Presidents, shmesidents. Everyone knows that in order to become President of the United States of America (actual political office PUSA, not semi-lousy band from the '90s PUSA), one has to be male, white, straight, middle-aged and boring. So boring.
But is that generalization true? Thanks to The American Presidency: A Glorious Burden, the new, Smithsonian-created exhibit of presidential memorabilia at the Missouri History Museum, Mr. Night and Ms. Day have discovered that while every president has been white and middle-aged, they weren't all boring (or maybe even straight; wink-wink, Abe Lincoln!).
Mr. Night: Holy crap, look at Warren Harding's pajamas! Red silk with a vaguely Chinese styling to them? Question: Who was Hugh Hefner before there was a Hugh Hefner? Answer: Warren G. Harding, baby! No wonder he referred to the presidency as "a hell of a job." Throw your veto in the air if you're a true playa, Warren G.!
Ms. Day: True, Harding seems cool, but what about William Howard Taft? He not only ruled the White House from 1909 to 1913, but he also ruled the pies and was friendly with the bears, as is proven by this political cartoon.
Those clearly weren't metaphorical pies, either. Look at the girth on Taft; he knew his way around the pie pantry, didn't he?
Unlike Jacqueline Kennedy. From the looks of the gold gown that she wore to meet the boss of Tunisia, her trim waistline didn't know many pies.
Pity for her. Pie is good. But everybody knew she was stylish. Check out Dwight D. Eisenhower's dress! You'd think the prez would want to keep his cross-dressing a secret, but he went ahead and had "Ike" printed all over the thing so everyone would know who was the belle of the presidential ball. Salute, Ike. Although that scoop-neck probably didn't flatter his décolletage any.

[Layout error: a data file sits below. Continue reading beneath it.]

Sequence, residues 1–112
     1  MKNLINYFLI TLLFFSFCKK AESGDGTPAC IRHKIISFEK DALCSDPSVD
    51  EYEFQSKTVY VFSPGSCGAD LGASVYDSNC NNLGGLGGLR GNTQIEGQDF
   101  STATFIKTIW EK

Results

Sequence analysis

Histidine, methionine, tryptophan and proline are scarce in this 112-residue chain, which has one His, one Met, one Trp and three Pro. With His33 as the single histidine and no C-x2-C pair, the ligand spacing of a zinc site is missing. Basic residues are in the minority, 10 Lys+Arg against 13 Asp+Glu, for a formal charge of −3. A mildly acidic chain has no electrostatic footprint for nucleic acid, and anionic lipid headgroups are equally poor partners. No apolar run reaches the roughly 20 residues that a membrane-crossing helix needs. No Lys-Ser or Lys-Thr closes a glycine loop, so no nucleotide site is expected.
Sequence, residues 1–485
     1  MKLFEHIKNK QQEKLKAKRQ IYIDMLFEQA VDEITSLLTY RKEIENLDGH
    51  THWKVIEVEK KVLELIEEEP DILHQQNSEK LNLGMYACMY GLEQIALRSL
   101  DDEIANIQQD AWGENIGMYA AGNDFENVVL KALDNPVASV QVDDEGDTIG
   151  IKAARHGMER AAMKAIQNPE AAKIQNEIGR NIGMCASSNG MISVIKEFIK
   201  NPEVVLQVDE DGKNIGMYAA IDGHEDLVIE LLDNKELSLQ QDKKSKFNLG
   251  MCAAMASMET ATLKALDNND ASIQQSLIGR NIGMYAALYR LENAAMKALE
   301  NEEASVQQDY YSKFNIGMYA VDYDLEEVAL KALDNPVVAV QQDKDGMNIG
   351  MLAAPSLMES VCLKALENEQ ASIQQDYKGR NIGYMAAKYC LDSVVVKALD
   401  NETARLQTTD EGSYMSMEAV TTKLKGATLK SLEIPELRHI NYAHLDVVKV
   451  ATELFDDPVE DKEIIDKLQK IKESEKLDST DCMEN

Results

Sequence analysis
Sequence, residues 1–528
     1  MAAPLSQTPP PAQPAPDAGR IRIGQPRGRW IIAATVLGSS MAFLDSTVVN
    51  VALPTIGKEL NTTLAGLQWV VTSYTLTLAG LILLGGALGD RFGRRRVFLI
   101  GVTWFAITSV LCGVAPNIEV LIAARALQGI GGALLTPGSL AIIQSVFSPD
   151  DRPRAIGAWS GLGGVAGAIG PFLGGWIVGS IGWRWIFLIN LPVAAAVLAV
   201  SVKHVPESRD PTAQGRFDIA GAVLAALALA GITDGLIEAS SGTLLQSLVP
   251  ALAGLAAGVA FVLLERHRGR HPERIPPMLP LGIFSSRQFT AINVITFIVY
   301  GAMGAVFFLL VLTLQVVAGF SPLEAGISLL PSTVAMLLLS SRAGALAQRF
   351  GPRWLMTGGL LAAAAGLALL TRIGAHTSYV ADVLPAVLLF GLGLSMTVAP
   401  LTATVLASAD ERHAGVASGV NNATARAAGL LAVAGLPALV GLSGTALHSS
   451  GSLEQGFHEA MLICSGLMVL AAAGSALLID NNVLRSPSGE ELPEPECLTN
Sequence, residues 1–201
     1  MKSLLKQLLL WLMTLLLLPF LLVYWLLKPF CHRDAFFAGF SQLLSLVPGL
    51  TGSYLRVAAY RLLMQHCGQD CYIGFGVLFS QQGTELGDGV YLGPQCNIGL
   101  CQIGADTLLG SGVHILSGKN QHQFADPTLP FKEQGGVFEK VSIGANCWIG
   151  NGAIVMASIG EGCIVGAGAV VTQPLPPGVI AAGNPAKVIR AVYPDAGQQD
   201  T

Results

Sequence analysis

Mr. Night, you are too silly! That dress was worn by campaign supporters, not by Ike himself. However, that top hat in the exhibit really was worn by the Grover Cleveland on his first inauguration day.
Whatever happened to the top hat as presidential accessory? The current president should consider wearing one. And if Cheney doesn't want to wear it, someone could talk G.W. into it pretty easy. "Dapper W., that's what they'll call you, sir...."
Speaking of, um, dapper, the Missouri Historical Society is in possession of one (1) box containing a lock of George Washington's hair, which is displayed alongside the Smithsonian's collection. Don'cha just wanna see that? Don'cha?
Hells, yeah! The only thing that would be more exciting is if they have one of Martin Van Buren's sideburns on display. Look at those chops. He's like the Wolverine of our presidents. No, Bill Clinton was the Wolverine: Surrounded by enemies, back to the wall, and yet he fought them all off. Clinton is definitely Wolverine, and Van Buren is more Sabretooth.
Yep, Clinton is Wolverine, sure, whatever. But getting back to the exhibit at hand, the historic gavel used during Clinton's impeachment trial is on display, as are more than 350 other artifacts. None of which really have anything to do with Wolverine. What's wrong with you?